When I was younger, and even more cynical, I once joked that the best way to reduce the divorce rate was to make it a lot more difficult to get married.
It's not as funny as I used to think it was.
When you buy a house, or even a car, you get a stack of many pages full of tiny type, which you are expected to read. Some really important paragraphs are in BOLD TYPE, with lines for you to sign or initial, confirming that the BOLD TYPE got your attention, and that you at least read those parts, and that you say that you understand them. Then, if you change your mind within a day or so, within some limits, you can back out. Heck, in California, if you just want to join a gym, you have to go through a similar ritual*.
If you want to get married, on the other hand, you pays your money, and you gets your license. There's a contract there, all right,** it's just that nobody really demands that you read it, let alone that you have any idea what it says before you sign on for it.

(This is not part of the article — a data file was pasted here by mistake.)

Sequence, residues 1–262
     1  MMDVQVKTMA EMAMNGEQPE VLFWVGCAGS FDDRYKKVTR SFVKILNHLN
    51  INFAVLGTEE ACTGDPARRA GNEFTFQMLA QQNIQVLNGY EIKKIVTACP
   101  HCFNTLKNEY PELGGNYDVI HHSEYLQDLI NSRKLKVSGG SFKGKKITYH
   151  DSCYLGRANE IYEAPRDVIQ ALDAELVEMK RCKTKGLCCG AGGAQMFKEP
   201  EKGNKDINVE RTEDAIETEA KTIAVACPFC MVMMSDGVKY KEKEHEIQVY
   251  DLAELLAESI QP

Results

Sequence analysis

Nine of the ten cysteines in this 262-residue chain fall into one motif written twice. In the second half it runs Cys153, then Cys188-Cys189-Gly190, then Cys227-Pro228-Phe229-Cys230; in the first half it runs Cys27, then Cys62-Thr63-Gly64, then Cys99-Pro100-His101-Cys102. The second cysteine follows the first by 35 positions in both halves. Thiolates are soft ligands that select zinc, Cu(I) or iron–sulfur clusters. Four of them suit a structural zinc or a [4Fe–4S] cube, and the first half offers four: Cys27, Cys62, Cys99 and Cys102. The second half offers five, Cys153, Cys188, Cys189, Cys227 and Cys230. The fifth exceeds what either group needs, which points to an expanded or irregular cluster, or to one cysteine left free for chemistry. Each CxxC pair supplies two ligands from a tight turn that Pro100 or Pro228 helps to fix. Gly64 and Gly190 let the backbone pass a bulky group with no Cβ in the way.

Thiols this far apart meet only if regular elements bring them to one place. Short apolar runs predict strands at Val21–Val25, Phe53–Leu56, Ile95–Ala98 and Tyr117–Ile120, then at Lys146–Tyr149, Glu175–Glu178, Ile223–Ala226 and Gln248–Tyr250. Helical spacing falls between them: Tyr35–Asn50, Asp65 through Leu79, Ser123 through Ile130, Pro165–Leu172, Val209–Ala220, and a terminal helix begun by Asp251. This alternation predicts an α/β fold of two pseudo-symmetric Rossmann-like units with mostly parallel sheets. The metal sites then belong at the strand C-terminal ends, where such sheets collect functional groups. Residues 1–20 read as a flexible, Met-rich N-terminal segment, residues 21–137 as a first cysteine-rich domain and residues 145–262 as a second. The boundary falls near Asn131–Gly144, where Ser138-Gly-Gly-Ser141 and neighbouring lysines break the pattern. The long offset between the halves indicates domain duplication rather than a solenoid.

I've spent 29 years wrestling with what the terms of that contract really are, and I've got sort of a handle on it, says the State Bar*** . I used to keep the terms of that contract in a shelf-full of books, which had to be updated annually; now I keep it on my computer, where it occupies a swath of virtual space. Most of those young folks lining up at ring stores in the Jewelry District haven't a clue what's in there.
Next topic up: If you want the "off-the-rack" marriage contract, we've made it fast, cheap, and easy; if you want to think about, and change, what you're signing on for, even if you and your spouse-to-be agree, it's expensive, complicated and takes at least a week.
Why would we discourage people from looking before leaping?
* California law regarding this implies that it came to the attention of our Legislature that miscreants were going out and signing up, say, 90-year-old ladies to expensive "lifetime" installment contracts for gym or "dance studio" memberships, and swindling the heck out of them; thus there are now fairly comprehensive rules for what you have to read, before you can get those mambo lessons.
**Says so, right there in California Family Code 300: " Marriage is a personal relation arising out of a civil contract between a man and a woman. . .". Don't send me a comment about the validity of those last five words; I'll be coming around to THAT debate presently.
*** "Family Law Certified Specialist, State Bar of California Board of Legal Specialization"